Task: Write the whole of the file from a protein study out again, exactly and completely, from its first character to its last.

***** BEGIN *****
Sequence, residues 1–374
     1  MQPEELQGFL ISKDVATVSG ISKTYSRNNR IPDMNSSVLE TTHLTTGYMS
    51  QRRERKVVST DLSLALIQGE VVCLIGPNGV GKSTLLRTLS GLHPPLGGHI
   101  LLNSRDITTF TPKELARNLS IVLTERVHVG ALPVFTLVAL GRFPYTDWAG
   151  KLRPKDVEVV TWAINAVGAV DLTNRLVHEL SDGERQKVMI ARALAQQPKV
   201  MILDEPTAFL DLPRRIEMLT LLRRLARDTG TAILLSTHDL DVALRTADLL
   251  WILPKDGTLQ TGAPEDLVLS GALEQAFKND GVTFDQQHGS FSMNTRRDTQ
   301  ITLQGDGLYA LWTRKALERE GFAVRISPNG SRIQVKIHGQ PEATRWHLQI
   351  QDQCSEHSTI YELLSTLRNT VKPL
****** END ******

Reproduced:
Sequence, residues 1–374
     1  MQPEELQGFL ISKDVATVSG ISKTYSRNNR IPDMNSSVLE TTHLTTGYMS
    51  QRRERKVVST DLSLALIQGE VVCLIGPNGV GKSTLLRTLS GLHPPLGGHI
   101  LLNSRDITTF TPKELARNLS IVLTERVHVG ALPVFTLVAL GRFPYTDWAG
   151  KLRPKDVEVV TWAINAVGAV DLTNRLVHEL SDGERQKVMI ARALAQQPKV
   201  MILDEPTAFL DLPRRIEMLT LLRRLARDTG TAILLSTHDL DVALRTADLL
   251  WILPKDGTLQ TGAPEDLVLS GALEQAFKND GVTFDQQHGS FSMNTRRDTQ
   301  ITLQGDGLYA LWTRKALERE GFAVRISPNG SRIQVKIHGQ PEATRWHLQI
   351  QDQCSEHSTI YELLSTLRNT VKPL